Engine Reliability

MOT/FIMOT-E

Who should attend?

  • This course provides an understanding of the physical phenomena causing engine parts damage, the phenomena being thermal, mechanical, thermo-mechanical or tribologic ones. The theoretical aspect is punctuated with examples of damaged parts - pictures or real parts.
Audience :
  • Engineers and technical staff involved in design or testing, who need to know damaging and failure processes of engine components.
  • People of Quality department or aftersales technical analysis may also be interested.

Level : Advanced

Course Content

  • Engine parts damage modes

      • Mechanical engineer tools, statistical aspects of reliability.
      • Thermal damage: coking, mechanical characteristic losses, intercrystalline corrosion, burnout, creeping, melting, lubricant viscosity drop.
      • Mechanical damage: plastic distortion, unshrinking, fracture or fatigue failure, vibration impact.
      • Thermo-mechanical damage: stresses caused by constrained metal expansion.
      • Tribologic ones: lubrication parameters, stribeck curve, pitting, micro-reptation, loosening, fretting/micro-welding, abrasive wear, adhesive wear, erosive wear, cavitation, scuffing, seizing, stick-slip.
  • Mobile parts damage

      • Conrods: failure modes, almost static stresses, dynamic stresses, buckling, screws resistance.
      • Crankshaft: quasi-static (gas pressures and inertia) and dynamic (flexion and torsion) stresses, strengthening treatments, roller-burnishing, dimensioning calculations, fatigue tests.
      • Bushing damage modes: fatigue, wear, cavitation wear, abrasive wear, scale and pollution wear, micro-welding, seizing.
      • Piston: distortions, ring sticking, skirt crush, seizing, stresses in the pin bosses.
  • Fixed parts damage

      • Ignition pressure and manufacturing related mechanical stresses (assemblies, shrink fitting, tightening).
      • Thermal stresses and thermo-mechanical constraints.
      • Cylinder head: cracking, materials, fire face behavior and solutions for its resistance, other critical points.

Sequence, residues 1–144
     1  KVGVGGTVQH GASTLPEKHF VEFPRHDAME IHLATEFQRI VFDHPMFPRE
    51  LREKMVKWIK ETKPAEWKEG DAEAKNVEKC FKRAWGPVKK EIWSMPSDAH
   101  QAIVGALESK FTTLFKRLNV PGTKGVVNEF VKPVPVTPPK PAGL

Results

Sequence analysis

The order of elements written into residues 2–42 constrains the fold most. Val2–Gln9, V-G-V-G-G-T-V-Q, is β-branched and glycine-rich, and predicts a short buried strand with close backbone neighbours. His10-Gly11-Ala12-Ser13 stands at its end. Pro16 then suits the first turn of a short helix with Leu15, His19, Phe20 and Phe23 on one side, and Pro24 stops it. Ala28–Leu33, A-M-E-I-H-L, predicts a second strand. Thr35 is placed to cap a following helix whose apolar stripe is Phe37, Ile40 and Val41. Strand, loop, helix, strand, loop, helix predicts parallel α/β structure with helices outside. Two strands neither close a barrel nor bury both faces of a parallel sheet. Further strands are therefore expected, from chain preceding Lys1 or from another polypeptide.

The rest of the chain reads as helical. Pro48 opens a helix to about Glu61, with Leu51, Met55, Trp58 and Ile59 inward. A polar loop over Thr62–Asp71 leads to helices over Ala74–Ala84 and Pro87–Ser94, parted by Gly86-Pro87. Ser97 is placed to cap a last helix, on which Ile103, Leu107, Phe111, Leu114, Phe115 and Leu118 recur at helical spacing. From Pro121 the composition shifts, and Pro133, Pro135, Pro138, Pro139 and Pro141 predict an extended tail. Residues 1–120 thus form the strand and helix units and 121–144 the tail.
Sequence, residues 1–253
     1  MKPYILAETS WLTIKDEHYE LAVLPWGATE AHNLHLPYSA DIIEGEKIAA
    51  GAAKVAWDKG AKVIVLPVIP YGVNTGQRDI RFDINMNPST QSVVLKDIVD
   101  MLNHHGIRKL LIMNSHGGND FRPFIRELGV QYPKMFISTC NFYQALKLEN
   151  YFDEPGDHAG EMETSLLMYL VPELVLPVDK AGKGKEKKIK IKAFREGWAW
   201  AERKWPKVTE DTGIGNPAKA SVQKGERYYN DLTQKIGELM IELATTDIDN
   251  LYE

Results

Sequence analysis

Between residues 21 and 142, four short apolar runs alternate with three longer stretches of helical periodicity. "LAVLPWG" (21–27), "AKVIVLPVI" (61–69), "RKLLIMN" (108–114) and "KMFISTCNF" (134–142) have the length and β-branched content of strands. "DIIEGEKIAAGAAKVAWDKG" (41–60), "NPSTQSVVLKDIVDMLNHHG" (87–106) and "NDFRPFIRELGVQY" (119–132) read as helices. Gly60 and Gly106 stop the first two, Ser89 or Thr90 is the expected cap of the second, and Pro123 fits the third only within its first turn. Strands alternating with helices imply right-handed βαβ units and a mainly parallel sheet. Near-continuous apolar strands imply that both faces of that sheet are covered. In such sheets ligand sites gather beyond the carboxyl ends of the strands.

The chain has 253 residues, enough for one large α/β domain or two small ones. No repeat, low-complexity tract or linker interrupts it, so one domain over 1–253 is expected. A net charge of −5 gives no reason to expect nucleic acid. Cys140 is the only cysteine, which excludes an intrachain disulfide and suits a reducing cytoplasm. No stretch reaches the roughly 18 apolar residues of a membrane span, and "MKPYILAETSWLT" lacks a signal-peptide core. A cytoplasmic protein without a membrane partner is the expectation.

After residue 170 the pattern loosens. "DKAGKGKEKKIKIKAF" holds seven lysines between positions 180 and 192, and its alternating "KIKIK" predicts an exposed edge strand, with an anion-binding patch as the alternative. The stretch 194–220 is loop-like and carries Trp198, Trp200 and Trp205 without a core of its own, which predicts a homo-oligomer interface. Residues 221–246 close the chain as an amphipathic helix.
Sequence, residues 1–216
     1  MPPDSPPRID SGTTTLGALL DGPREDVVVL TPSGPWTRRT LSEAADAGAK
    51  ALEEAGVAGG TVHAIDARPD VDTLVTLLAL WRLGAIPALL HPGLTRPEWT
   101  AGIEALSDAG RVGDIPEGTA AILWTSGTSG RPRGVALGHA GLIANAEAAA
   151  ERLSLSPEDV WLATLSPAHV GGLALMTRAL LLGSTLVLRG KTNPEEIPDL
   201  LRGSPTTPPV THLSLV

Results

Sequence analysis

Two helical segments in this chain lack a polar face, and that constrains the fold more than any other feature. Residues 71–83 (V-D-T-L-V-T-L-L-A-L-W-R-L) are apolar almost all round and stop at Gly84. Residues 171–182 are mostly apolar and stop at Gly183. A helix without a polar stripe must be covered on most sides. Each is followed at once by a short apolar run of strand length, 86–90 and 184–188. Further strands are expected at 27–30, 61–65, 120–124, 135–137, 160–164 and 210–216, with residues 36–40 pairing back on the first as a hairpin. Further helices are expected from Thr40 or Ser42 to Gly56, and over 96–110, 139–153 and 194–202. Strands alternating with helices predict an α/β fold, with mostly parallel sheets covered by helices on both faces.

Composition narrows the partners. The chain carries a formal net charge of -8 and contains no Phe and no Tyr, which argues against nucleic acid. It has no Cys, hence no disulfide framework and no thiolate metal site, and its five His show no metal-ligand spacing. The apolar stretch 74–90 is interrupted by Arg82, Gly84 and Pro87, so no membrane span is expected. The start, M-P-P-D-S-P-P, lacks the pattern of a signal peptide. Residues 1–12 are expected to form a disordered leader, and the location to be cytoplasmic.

• Exhaust manifold: mechanical and thermal stresses, materials, failures found, solutions.
      • Cylinder head gasket: stresses, failures, influence of the cylinder head and crankcase cylinders distortions, solutions.
  • Cooling

      • Heat transfers by conduction, convection, radiation, phase change. Thermal balance.
      • Thermics and engine cooling: levels of temperatures reached, critical points, cooling fluid circulation in the block and the cylinder head.
      • External cooling circuit: permanent branch, thermally regulated branch, pump, exchangers, thermostat, ventilating, cooling fluid, dimensioning.
      • Thermal measure means: thermo-couples, thermistors, flux meter, infrared pyrometry.
  • Lubrication

      • Lubricant cleanliness and consequences on wear.
      • Engine oil rheological behavior and change of properties in service:
      • Oxidation thickening, soot, black sludge and consequences on cold starting.
      • Viscosity decrease by polymer shearing or by dilution and consequences on warm engine.
      • Thermal and oxidation stability: cracking, thickening, deposits.
      • Timing lubrication.

Learning Objectives

  • Upon completion of the course, participants will be able to:
  • diagnose the possible origin of a damage problem of an engine component,
  • talk with tests and laboratory specialists to direct parts analysis and the validation tests to be performed,
  • suggest solutions likely to solve the problem.

Ways & Means

  • Interactive training using a number of real components, pictures and videos.
  • Real life analysis of failures of components, search for origin of failures, description of the deteriorating process.
  • It is possible to manage this exercise on a component previously proposed by a learner, with a description of use conditions.